Big Pictures (Part 1)


I am in the midst of Exodus, and some strange parts of the story struck me in the fifth chapter:

And afterward Moses and Aaron came and said to Pharaoh, “Thus says the Lord, the God of Israel, ‘Let My people go that they may celebrate a feast to Me in the wilderness.’” But Pharaoh said, “Who is the Lord that I should obey His voice to let Israel go? I do not know the Lord, and besides, I will not let Israel go.”

I think we all know the part of the story where Moses goes through the very strange, very weird burning bush scenario. It turns out that Moses doesn’t do a very good job right from the get-go. In fact, God tells him he will fail, and I guess Moses is supposed to be ok with this?

Then they said, “The God of the Hebrews has met with us. Please, let us go a three days’ journey into the wilderness that we may sacrifice to the Lord our God, otherwise He will fall upon us with pestilence or with the sword.” But the king of Egypt said to them, “Moses and Aaron, why do you [a]draw the people away from their [b]work? Get back to your [c]labors!” Again Pharaoh said, “Look, the people of the land are now many, and you would have them cease from their labors!”

So, Moses and Aaron basically tick Pharaoh off, and make him incredibly angry. I wonder if it’s partly because Moses was raised by Pharaoh? We don’t get context for why he blows off the handle so fast, other than God hardening his heart, but that sort of speculation seems intriguing to me. Moses does not even ask for Pharaoh to release all the Israelites from slavery – just merely the opportunity to worship. Pharaoh flies off the handle fast!

So the same day Pharaoh commanded the taskmasters over the people and their foremen, saying, “You are no longer to give the people straw to make brick as previously; let them go and gather straw for themselves. But the quota of bricks which they were making previously, you shall impose on them; you are not to reduce any of it. Because they are lazy, therefore they cry out, ‘[d]Let us go and sacrifice to our God.’ Let the labor be heavier on the men, and let them work at it so that they will pay no attention to false words.”

Unsurprisingly, the Israelites aren’t exactly fans of this new policy.

15 Then the foremen of the sons of Israel came and cried out to Pharaoh, saying, “Why do you deal this way with your servants? 16 There is no straw given to your servants, yet they keep saying to us, ‘Make bricks!’ And behold, your servants are being beaten; but it is the fault of your own people.” 17 But he said, “You are lazy, very lazy; therefore you say, ‘Let us go and sacrifice to the Lord.’ 18 So go now and work; for you will be given no straw, yet you must deliver the quota of bricks.”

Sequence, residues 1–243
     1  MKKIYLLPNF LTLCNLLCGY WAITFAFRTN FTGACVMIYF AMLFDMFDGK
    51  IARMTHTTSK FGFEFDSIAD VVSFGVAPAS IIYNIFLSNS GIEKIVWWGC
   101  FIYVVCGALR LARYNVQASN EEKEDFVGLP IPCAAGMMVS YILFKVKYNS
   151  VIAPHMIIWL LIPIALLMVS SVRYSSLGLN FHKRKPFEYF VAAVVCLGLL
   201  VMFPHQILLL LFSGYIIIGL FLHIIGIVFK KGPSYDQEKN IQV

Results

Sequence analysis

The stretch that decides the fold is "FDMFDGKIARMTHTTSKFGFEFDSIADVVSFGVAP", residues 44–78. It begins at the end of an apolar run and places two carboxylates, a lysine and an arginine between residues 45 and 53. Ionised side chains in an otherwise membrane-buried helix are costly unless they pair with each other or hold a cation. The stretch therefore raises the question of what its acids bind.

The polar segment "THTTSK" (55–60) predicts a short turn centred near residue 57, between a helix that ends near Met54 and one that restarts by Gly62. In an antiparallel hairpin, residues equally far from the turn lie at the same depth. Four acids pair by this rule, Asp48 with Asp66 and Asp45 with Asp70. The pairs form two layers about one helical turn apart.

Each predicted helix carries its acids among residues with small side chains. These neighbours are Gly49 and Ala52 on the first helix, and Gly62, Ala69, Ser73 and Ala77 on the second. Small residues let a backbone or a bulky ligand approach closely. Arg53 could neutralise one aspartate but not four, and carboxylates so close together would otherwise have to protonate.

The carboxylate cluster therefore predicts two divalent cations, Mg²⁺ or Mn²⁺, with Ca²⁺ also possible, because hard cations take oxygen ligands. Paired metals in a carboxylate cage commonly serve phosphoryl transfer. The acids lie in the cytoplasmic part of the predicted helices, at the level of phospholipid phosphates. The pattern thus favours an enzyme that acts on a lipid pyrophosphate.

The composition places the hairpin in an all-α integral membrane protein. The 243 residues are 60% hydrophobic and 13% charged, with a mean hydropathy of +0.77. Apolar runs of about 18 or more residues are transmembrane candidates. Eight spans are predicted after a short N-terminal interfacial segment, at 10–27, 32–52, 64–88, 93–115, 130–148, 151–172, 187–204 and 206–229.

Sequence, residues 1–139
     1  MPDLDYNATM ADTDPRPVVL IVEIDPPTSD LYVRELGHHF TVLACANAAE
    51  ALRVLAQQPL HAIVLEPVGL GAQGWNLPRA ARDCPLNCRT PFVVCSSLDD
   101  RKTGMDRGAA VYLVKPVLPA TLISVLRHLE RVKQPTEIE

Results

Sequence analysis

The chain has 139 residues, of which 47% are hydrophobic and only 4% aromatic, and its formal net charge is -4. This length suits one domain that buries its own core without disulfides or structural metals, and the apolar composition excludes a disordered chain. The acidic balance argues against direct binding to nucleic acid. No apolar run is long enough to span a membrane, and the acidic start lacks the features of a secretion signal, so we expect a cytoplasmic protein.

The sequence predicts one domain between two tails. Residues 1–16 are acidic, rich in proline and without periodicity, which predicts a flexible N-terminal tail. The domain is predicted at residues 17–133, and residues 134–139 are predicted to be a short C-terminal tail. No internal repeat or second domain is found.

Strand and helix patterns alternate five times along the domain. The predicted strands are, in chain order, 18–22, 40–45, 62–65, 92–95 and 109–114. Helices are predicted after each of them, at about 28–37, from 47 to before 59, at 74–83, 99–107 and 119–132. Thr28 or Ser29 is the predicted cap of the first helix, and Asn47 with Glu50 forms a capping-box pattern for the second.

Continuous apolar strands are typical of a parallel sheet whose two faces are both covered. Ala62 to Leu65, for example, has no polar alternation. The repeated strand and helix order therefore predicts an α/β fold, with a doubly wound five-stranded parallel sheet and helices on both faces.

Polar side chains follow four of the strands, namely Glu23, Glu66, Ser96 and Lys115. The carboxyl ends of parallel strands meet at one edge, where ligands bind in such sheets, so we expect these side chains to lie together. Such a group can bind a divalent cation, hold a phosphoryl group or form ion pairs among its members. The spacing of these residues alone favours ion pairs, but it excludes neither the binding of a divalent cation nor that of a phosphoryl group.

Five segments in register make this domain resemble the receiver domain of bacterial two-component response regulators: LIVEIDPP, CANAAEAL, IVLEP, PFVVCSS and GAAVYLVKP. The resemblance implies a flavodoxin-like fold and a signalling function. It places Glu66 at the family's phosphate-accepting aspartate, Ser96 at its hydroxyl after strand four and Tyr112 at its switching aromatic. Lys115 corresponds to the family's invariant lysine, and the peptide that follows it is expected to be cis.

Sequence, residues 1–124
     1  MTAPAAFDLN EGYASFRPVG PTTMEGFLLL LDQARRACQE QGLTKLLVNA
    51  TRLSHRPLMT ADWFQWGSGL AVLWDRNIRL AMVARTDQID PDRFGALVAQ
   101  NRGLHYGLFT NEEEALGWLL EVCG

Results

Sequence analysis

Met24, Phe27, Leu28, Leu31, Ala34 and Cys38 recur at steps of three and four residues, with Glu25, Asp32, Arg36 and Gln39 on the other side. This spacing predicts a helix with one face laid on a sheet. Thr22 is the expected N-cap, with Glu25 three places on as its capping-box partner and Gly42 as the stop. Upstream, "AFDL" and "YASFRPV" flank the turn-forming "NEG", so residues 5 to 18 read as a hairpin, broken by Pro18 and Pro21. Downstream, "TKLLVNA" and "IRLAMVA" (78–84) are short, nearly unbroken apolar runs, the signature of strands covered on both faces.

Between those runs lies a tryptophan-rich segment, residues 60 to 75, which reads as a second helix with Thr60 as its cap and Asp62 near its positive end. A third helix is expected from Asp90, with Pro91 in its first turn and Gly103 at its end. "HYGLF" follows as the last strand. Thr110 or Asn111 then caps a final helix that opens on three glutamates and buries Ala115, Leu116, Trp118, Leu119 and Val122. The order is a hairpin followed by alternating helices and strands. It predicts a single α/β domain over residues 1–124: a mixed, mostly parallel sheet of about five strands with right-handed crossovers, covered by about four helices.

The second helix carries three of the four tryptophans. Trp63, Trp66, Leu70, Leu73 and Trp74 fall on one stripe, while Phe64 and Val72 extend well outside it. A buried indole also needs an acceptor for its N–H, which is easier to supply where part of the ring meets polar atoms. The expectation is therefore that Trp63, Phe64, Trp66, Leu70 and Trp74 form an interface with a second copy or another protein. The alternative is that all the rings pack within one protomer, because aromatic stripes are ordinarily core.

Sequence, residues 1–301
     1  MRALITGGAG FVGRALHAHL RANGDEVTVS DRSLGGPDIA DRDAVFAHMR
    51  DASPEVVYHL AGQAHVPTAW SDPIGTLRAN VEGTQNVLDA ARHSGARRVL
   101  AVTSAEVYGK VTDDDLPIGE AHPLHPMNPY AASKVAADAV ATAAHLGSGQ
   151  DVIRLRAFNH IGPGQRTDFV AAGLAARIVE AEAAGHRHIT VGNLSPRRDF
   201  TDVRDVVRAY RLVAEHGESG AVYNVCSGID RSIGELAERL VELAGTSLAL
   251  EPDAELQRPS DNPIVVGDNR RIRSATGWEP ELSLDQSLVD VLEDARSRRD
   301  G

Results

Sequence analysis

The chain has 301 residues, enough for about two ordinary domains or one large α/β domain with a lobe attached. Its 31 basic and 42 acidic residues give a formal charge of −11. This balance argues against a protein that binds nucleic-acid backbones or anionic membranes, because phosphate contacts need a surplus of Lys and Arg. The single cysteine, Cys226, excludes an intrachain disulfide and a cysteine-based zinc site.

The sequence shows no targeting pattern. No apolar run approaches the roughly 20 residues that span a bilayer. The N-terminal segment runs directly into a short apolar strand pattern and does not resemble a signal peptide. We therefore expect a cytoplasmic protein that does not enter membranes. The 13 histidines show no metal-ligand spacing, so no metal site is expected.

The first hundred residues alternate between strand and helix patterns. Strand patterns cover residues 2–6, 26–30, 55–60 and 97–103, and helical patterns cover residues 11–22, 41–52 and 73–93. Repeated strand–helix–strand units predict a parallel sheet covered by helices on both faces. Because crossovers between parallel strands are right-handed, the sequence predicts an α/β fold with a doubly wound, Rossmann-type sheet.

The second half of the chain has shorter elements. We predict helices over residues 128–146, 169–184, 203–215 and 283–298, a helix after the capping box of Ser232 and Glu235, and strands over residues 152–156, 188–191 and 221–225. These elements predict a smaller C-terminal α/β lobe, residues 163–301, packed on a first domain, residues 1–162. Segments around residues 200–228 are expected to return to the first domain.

Think about how weird and insane this is. Some guy who murdered a guy, and lived out as a fugitive in the desert for who knows how many years, claims to be God’s servant and also claims to speak as a leader of Israel, get them into trouble once again. And this isn’t the kind of trouble you just walk away from – they must reach those quotas or face punishment. Obviously, they’re not happy with this. Yeah, sure, they met with him beforehand, but they could not predict that negative consequences could arise first from their presence. Without the big picture, their response appears perfectly reasonable:

19 The foremen of the sons of Israel saw that they were in trouble [i]because they were told, “You must not reduce [j]your daily amount of bricks.” 20 When they left Pharaoh’s presence, they met Moses and Aaron as they were [k]waiting for them. 21 They said to them, “May the Lord look upon you and judge you, for you have made [l]us odious in Pharaoh’s sight and in the sight of his servants, to put a sword in their hand to kill us.”

Although he met with them in advance, apparently they didn’t appreciate the new shift in their circumstances. And I think, at least from the ground level, it’s a perfectly reasonable response. God did not free them from slavery just yet. And why not? I imagine you would think yourself perfectly impatient in that circumstance. And when the very man who claims to get you out of that situation makes it worse…well, I’m not sure you would hold back either!

22 Then Moses returned to the Lord and said, “O Lord, why have You brought harm to this people? Why did You ever send me? 23 Ever since I came to Pharaoh to speak in Your name, he has done harm to this people, and You have not delivered Your people at all.”

Heck, even Moses joins in on the doubt train. Then again, he sorta started there, and hasn’t let up since he was introduced as a character in the Pentateuch. It would seem that the very people God wants to save and turn into His people don’t exactly understand Him all that well. They want immediate results, but God is patient – He takes his time. He works over a long period on people, to get them to the place they need to be, rather than where they think they should be. Patience is a fruit of the spirit after all.

And if God can’t teach you this directly, he’ll literally beat it into you.

Part 2

About Zachery Oliver

Zachery Oliver, MTS, is the lead writer for Theology Gaming, a blog focused on the integration of games and theological issues. He can be reached at viewtifulzfo at gmail dot com or on Theology Gaming’s Facebook Page.